Volcanos and Giant Cordylines

As I’m still very much in the UK, and busy helping to prepare my friend Will’s garden for winter, I thought I’d take a look back at a past adventure.

A stalwart of all temperate exotic gardens, and vital for winter structure, is the good old Cordyline. These robust Palm like plants are used so much so, especially in the south west of the UK, that they have acquired the common names of Cornish and Torquay palm or less elegantly the Cabbage Palm. While travelling a year or so ago around New Zealand, during the southern summer I came across a couple of fine specimens in habitat.

 One of the defining features of the north island of New Zealand is Mt Taranaki (above) soaring 2518 metres above the flat pastoral land. The mountain known commonly as Egmont is in fact of volcanic origin, being thrust up through the landscape by immense forces below the crust. Craig Knight, who I was travelling with, and I set out for the summit on an unremarkable grey and drizzly day. Zig-zaging our way through the lush forests that ring the lower slopes, marvelling at the trees laden with Mosses, Ferns, Astellias, Orchids and where the mosses and leaf litter had settled in the crux of swollen bows, small trees and Cordylines that would otherwise reside on the ground. These dripping forests of moss laden and tangled branches became the setting for the Goblin Forest in the Lord of the Rings. As we hiked further up the volcano, the steeper the path rose and the lower and thinner the forest canopy became. Here, where there is much les competition for light and an abundance of water peculating down from the ice cap on the summit and regular rain fall, grows the imposing Mountain Cabbage Palm, Cordyline indivisa.
These distinctive plants with their lush heads of broad leaves (10-30 cm wide and 1-2 m long) seem almost alien among the surrounding bush. This is a striking plant and could create an air of exoticism in any garden. Cordyline indivisa is however notoriously difficult to cultivate. Growing primarily in elevated areas it needs a constant supply of water and a cool position free from all but the lightest of frosts. Below are some young plants in Tresco Abbey Garden in the Isles of Scilly.
Leaving the tree line behind and climbing beyond the grey cloud, the path became steeper still and we emerged into warm sunlight catching our first glimpse of the summit, the looming grey snider cone piercing the sky above. There was no more zigzagging from there on, those ahead of us making a bee-line strait to the top. We were now on all fours, calves burning, scrambling at no great speed up a steep loose pumice slope. Pausing for a breath at a jaunty angle we remained alert as we dodged rocks hurtling by at great speed, dislodged by those higher up.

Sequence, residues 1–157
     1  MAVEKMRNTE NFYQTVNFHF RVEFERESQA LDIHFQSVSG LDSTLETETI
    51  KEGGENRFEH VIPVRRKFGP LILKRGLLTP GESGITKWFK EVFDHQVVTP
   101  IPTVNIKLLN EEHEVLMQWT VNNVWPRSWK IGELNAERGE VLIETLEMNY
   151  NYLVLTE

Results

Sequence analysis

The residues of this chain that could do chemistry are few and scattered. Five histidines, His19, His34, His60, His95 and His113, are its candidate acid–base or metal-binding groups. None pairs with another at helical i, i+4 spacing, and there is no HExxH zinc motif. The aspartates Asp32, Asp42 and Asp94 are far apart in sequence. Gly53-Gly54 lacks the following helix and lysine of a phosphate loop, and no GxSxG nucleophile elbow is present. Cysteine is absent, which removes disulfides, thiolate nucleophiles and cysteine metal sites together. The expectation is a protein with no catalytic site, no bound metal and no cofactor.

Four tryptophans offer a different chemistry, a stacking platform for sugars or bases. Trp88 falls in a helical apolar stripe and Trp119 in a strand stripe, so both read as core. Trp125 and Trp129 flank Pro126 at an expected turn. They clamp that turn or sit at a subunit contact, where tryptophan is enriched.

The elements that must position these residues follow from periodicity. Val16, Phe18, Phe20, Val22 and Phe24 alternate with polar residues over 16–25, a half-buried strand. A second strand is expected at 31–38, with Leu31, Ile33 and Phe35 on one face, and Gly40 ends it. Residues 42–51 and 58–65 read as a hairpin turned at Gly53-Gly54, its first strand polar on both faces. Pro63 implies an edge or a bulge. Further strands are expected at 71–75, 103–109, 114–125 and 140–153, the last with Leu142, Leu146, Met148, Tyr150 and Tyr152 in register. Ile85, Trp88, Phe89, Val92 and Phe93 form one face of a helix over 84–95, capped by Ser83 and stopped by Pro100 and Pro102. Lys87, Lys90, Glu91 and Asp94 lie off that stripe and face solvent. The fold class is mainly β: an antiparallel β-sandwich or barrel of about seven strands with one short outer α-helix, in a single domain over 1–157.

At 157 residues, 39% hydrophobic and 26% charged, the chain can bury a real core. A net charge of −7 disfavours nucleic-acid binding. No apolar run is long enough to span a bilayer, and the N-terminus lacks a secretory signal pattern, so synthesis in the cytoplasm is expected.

The cone of Mt Taranaki remains plugged with ice throughout the summer months and is pockmarked with holes made by fallen rocks that heat up in the sun and slowly sink out of sight. The summit provided views out across a cloudscape in every direction. The only landmark visible was the broad bulk of Mt Ruapehu and the perfect flat toped cone of Mt Ngauruhoe out to the east in the Central Volcanic Plato. (Below Craig at the summit.)
Driving east through mile after mile of  irrigated, fertilized intensely green pastoral land, Mt Taranaki still a good size in the rear view mirror, we came across a loan Cordyline australis standing just off the road. This had to be the biggest by many times and certainly the finest of all the Cordylines we saw across both islands. This chap would rival an oak. Rather irritatingly, good old Wikipedia informs me that the biggest Cordyline in fact stands at the northern tip of the South Island in Golden Bay. It is said to have a circumference at the base of 9m and a height 17m and is estimated to be 400 to 500 years old. If this one isn’t the biggest it must be the most perfectly formed.
On my next venture to New Zealand I’ll have to visit Golden bay to see if it really does harbor the biggest Cordyline.

One thought on “Volcanos and Giant Cordylines”

  1. What a wonderful hike for both of you! This certainly is an enourmous plant. Maybe hiking and looking at wild plants also don't go together, because looking at them, taking photos, appreciating, takes time and slows down the hike. haha.

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